The US Senate is getting ready to pass a bill that would allow the gov’t to place a tariff on Chinese goods equal to the amount that Chinese currency is undervalued.
If that sentence makes complete sense to you, and you feel like you understand its implications, congratulations! You’ve clearly been working on your economics degree. If you’re like me though, you might want need further clarification. Today we’ll be looking at the general idea of currency manipulation so we can talk about the bill tomorrow.
Is China’s Currency Undervalued?
The answer to this is a resounding “yes.” It’s no secret that China has manipulated the value of its currency for years, unless you live in China where the People’s Daily throws a fit anytime the word “manipulator” is whispered. The current estimate is that the RMB is undervalued by as much as 40%. This means that the value of the Renminbi is set by gov’t bankers, instead of by the open market.
Currency though, is kind of an abstract concept, so we’ll look at how this happens with something that’s a little easier to grasp:
Open market: Let’s say I have a pile of shiny rocks that many people want. Because of supply and demand, the more people who want those rocks, the higher the price of the rocks goes.
This is how most currencies work, and the USD is often strong, because so many countries use it for trade. There is a (somewhat) fixed supply of dollars, and demand or lack there of moves its value freely.
Fixed price: Again let’s say I have a pile of shiny rocks, and again many people want them. However in this case, I don’t want the price to change. So every time I sell a rock, I go and find another one. This balances supply and demand, which keeps the price at a set level.
This is the essence of China’s system, every time a businessman wants to buy RMB for doing business in the country, the price of China’s currency would go up unless the gov’t created a supply of RMB of an equivalent value. According to Patrick Chovanec (an economist at Tsinghua university) China has had to print an RMB equivalent for every dollar of it’s $3 trillion foreign currency holdings (read his full article for a much more detailed explanation).
What would a stronger RMB mean for Americans?
For the US an undervalued RMB means that Chinese goods are artificially cheaper in the US, and American goods are more expensive in China than they should be. Also the lower value means that it is cheaper to hire Chinese workers. This translates into factories moving overseas, and lower sales. This is bad for you if you work on a factory line in the US, or are trying to sell goods to China.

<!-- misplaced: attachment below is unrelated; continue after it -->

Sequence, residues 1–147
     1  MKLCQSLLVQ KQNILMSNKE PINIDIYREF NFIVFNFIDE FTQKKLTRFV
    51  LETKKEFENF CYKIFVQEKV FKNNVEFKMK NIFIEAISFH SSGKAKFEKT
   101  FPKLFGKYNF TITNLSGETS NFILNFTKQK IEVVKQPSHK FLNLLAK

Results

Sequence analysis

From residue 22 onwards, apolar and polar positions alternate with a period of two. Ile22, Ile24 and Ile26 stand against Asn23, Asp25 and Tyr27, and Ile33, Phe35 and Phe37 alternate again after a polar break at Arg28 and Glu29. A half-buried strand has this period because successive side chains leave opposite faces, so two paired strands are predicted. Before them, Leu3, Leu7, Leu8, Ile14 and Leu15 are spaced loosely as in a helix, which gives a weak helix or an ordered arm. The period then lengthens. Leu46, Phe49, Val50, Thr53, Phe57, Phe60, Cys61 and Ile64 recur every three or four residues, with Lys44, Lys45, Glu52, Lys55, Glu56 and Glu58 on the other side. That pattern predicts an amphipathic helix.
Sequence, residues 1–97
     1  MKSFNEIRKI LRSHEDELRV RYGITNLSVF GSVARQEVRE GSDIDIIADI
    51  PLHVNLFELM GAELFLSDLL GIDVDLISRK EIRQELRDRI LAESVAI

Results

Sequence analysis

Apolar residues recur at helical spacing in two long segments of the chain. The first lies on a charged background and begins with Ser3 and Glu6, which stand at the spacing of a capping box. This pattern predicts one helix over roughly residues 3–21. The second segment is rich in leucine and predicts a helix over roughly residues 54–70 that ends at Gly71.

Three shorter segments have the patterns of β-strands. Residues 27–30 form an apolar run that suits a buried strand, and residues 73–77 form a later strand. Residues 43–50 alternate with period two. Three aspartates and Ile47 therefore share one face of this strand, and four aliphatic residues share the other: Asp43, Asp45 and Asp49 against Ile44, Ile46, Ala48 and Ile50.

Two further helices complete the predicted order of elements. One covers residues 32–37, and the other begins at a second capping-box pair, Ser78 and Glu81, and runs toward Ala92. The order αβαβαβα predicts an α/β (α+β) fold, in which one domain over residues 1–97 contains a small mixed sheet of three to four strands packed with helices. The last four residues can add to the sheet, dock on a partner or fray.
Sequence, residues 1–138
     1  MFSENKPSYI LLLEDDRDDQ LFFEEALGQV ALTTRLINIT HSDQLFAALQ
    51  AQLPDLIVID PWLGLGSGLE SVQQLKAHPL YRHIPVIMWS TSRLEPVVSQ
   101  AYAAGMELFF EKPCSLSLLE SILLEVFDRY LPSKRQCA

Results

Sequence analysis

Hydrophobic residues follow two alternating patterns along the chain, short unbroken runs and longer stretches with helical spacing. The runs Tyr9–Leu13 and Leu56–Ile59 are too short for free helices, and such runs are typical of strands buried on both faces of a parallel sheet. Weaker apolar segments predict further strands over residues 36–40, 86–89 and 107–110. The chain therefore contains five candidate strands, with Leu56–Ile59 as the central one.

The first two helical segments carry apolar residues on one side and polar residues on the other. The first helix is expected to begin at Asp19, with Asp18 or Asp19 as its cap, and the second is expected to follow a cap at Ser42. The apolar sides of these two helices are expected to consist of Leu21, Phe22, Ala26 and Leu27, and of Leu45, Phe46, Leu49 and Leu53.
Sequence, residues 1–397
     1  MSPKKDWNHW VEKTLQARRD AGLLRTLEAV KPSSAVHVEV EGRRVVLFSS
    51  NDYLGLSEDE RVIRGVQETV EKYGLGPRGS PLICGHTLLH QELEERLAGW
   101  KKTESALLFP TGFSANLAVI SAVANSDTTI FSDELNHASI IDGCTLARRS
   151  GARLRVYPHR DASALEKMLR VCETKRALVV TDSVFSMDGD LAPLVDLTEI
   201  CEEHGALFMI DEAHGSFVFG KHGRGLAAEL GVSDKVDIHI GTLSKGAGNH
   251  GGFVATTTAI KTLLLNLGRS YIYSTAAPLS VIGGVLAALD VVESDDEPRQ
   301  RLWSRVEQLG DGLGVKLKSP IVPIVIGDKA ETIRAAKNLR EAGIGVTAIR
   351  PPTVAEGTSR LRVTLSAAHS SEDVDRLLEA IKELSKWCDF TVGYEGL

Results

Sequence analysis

On the other hand, if you are an American consumer, or a CEO trying to lower your costs, cheap RMB is actually benefiting you. As Steven Colbert would point out, it’s because of China’s cheap labor that you can buy 10 pairs of socks at Walmart for $2. If those workers’ wages rise from $1 per hour to $1.05 (as it has over the past due to currency appreciation), the consumer is going to be the one paying for that invisible raise (their RMB pay does not change). As the value of the RMB increases, so will the cost of goods from China (which last I checked is almost everything).
What does a stronger RMB mean for Chinese citizens?
For Chinese workers a weak RMB is a mixed blessing. Low wages (partially enabled by a weak currency) have often been cited as a key ingredient in China’s rise. Cheap labor has helped to attract foreign investors and create millions of factory jobs. The weak RMB is great for China’s migrant workers, looking for a foothold in China’s urban centers. As the RMB climbs in value, more of these low skill jobs will move to Vietnam or Bangladesh (not back to the US).
For China’s middle class a strong RMB would make them feel richer. For instance, salaries at the hospital aren’t affected by the exchange rate, so if you are making 8,000RMB per month, over the past year your salary has gone from $1,200 per month to $1,256 per month. As you you start looking for foreign goods to spend your money, you realize that they are actually getting cheaper every month. The purse that would have cost 1,334RMB, is now just 1,278RMB. Not to mention that foreign travel suddenly becomes more affordable.
Middle class Americans who don’t work in manufacturing should be pleased with the flow of cheap goods, and China’s middle class would actually benefit greatly from a stronger RMB. Yet for some reason, the sides are switched, America is pushing for measures to make goods more expensive, and China is resisting the solution to part of its inflation problem. So tomorrow we’ll be looking at why the currency bill won’t help Americans.
In the meantime you may want to read “Is Inflation a Party Crasher?”